Tuesday, 17 July 2012

Blogging for Wellbeing: Week Two, Day Two

You are the only you will ever be. This is the only life you will ever have. And it’s a blink, in the grand scheme of things. You are a firefly. An eyelash. The briefest moment in a great span of time.

This is both terrifying and absolutely liberating.

Believing that you are not as worthy as others, that your needs don’t count…it’s not only untrue, it’s incredibly damaging and destructive, and it tarnishes the time you do have to live, to love, to be, to enjoy. I have been in that place, I have believed that my ideas and opinions count for nothing, that I, essentially, count for nothing. If someone else needed something, I would give my time, my money, my heart. I would sacrifice whatever was necessary to make sure that person’s needs were met. And yet when it is was me who needed something, I felt a cold fury with myself: how dare I make demands, how dare I think I deserved, how dare I be so weak as to need.

It is heartbreaking to realise in the wake of an eating disorder just how much time and energy you wasted. How many times you said yes when you wanted to say no, and then took whatever resentment you felt afterwards out on yourself. How many times you said no when you wanted to say yes and then cried because you felt trapped and alone.

Even when you have begun to get your head around the fact that your own needs do matter, it can be difficult to work out what’s what. When is it a compromise and when is it unhealthy self-sacrifice? When should you say no instead of giving up your time automatically…and how do you say no without injuring someone else’s feelings, without feeling bad yourself?

I don’t have all the answers. I do know that achieving this balance comes with practice and commitment. If you have a gut-feeling that it would be better for you to say no in a particular instance, then go with that instinct. It’s not easy, especially when the request comes from someone you love who wants help with something, or for you to go with them somewhere. But in the long-run you will be contributing more to the relationship as a whole and healthy person in charge of her own life than you will as a doormat.

And don’t feel that you can’t be honest about your reasons for saying no. I used to be the world’s worst culprit for accepting invitations left, right and centre and then inventing an excuse last minute because I really didn’t want to go. This frustrated friends more than my initial refusal would have done and they started to think of me as unreliable and flaky when actually I was just nervous and afraid. Now, I will say that I’m not sure rather nodding and beaming when in fact I feel like doing the exact opposite. And I have spoken about the issue with my closest friends, so now they know that when I cancel last-minute (which I do much less frequently these days) there’s usually something bigger going on and it’s not just that I can’t be bothered.

So. In conclusion. You ARE deserving. And you CAN say no. And that DOESN’T make you ‘bad’ or ‘selfish’. Maintaining boundaries and parameters is just as important as opening up and letting people in. It’s learning what to do when that’s the tricky part…and the only way to learn is through trial and error and lots and lots of practice J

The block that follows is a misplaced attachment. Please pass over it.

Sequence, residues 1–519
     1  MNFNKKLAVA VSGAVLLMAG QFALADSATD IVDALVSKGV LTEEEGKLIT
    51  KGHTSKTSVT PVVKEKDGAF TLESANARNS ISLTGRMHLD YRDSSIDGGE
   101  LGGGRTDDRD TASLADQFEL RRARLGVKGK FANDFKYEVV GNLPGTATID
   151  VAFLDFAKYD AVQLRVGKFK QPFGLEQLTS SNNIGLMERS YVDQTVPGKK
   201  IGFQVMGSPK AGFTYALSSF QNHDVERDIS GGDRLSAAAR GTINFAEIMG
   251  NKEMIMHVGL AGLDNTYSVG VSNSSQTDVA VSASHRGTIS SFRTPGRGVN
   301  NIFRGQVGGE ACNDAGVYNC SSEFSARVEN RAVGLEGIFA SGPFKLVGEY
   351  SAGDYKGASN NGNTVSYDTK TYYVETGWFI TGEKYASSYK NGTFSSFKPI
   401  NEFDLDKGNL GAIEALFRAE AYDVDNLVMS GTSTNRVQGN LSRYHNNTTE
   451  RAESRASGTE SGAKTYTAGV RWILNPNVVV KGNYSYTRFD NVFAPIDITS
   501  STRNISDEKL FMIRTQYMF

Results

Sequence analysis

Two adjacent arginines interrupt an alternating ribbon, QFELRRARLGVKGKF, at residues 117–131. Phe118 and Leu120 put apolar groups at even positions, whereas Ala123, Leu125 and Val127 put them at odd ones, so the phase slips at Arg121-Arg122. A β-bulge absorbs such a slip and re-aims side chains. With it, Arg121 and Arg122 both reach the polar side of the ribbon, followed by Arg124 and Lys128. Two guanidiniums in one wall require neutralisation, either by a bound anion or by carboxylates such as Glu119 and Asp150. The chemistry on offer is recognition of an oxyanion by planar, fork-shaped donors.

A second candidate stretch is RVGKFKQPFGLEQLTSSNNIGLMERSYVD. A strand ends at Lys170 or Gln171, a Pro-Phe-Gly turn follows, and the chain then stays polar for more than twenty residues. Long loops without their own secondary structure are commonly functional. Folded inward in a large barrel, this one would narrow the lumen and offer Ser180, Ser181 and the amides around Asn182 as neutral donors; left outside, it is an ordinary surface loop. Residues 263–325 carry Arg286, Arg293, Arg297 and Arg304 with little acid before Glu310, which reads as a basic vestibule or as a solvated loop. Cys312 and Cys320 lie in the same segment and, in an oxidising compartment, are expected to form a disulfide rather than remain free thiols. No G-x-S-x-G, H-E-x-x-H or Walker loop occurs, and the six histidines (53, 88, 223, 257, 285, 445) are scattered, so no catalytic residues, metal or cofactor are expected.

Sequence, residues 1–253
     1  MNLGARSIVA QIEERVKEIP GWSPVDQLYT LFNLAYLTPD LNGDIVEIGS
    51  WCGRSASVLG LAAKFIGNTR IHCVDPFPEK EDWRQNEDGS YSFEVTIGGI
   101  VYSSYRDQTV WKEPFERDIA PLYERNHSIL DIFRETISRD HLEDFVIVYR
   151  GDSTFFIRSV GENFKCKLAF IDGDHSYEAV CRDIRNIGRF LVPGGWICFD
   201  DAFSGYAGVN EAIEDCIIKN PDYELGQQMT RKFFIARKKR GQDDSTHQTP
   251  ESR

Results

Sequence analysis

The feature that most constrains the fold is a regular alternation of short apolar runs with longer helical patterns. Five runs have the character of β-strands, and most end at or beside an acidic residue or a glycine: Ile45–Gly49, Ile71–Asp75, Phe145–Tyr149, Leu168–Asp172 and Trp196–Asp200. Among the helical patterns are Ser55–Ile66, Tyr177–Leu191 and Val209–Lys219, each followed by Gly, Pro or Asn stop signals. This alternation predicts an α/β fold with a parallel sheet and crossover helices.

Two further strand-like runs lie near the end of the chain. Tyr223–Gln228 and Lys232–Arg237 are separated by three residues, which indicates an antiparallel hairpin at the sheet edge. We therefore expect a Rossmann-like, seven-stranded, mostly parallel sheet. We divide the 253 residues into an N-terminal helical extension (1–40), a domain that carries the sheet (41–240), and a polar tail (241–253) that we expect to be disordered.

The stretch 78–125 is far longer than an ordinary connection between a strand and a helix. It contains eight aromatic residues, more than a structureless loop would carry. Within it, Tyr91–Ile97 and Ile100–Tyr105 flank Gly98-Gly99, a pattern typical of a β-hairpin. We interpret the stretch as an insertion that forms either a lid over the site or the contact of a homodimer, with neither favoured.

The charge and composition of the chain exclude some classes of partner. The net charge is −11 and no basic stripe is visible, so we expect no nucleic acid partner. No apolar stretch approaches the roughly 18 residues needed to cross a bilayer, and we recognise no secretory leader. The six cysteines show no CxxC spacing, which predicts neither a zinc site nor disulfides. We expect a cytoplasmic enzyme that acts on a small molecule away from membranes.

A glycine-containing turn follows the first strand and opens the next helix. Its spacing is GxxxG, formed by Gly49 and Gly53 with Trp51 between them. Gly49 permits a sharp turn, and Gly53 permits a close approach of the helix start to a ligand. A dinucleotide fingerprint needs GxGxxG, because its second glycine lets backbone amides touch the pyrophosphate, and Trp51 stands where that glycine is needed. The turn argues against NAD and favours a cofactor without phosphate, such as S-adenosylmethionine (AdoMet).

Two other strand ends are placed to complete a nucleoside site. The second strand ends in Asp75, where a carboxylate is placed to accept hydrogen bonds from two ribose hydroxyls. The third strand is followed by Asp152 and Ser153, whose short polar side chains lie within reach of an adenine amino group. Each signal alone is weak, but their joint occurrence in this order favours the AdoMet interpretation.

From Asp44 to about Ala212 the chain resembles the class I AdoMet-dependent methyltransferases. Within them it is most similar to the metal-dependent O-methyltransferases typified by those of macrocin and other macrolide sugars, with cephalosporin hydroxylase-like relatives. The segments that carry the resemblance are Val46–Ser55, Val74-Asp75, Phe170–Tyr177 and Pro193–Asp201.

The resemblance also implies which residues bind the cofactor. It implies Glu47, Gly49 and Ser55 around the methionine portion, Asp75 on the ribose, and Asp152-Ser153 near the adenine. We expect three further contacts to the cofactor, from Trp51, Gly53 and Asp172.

1. What great advice you give Cheryl! I have come to realise saying yes to other people all the time only makes you feel burdened and zapped and with not near enough time or energy for your own needs. It's not good.
    I've learned to say a big resounding 'YES' to myself when my gut (and heart) says so and it really does shift the energy patterns. It's our duty to ourselves!
    I don't know if you've ever heard of SoulCollage - it's a collage form based on self-awareness. I say this because I made a card there recently on saying yes to the self. It's a great process - very uplifting and self-affirming. The website is www.soulcollage.com if you're curious!

  2. Firstly, I love the quote! My fellow quote queen :)

    I know very well how not to say no, and how to find myself at the last minute, in a complete panic attack, figuring out how to get myself out of what I agreed to do in the first place. Always with the best of intentions do I say yes to others, and always in the end I end up regretting it, cause it means stomping on my own needs once again.

    Thanks again for an awesome and thought provoking post Cheryl!

  3. Siobhan - thank you SO MUCH for the link! I am besotted already and can't wait to go and buy card and glue and paper at the weekend (I have already started collecting photos :) Seriously, this is right up my street - creativity, art, thinking in a different sort of way...I love it!!! Do you post photos of your cards anywhere? I may post some photos on here when I've done a few xxx

  4. Violeta, thank you so much for your lovely comments (as always!)

    I'm really enjoying this blogging challenge, reading about other people's experiences, reflecting my own. It's a treasure.

  5. So glad you liked it! I've just read your empowerment post - and soul collage is an excellent means of empowerment. Yes, do post the cards you make!! I'd love to see them! It really is so rewarding, and doesn't require artistic skills, just a willingness.
    I have some of mine on Facebook - www.facebook.com/media/set/?set=a.141915285914094.24029.100002868713695&type=3&l=f5fecb243b -and scatter the odd one on a blog post here and there. (my most recent post on 'Solitude' has one)
    Let me know how you progress with it!!! :)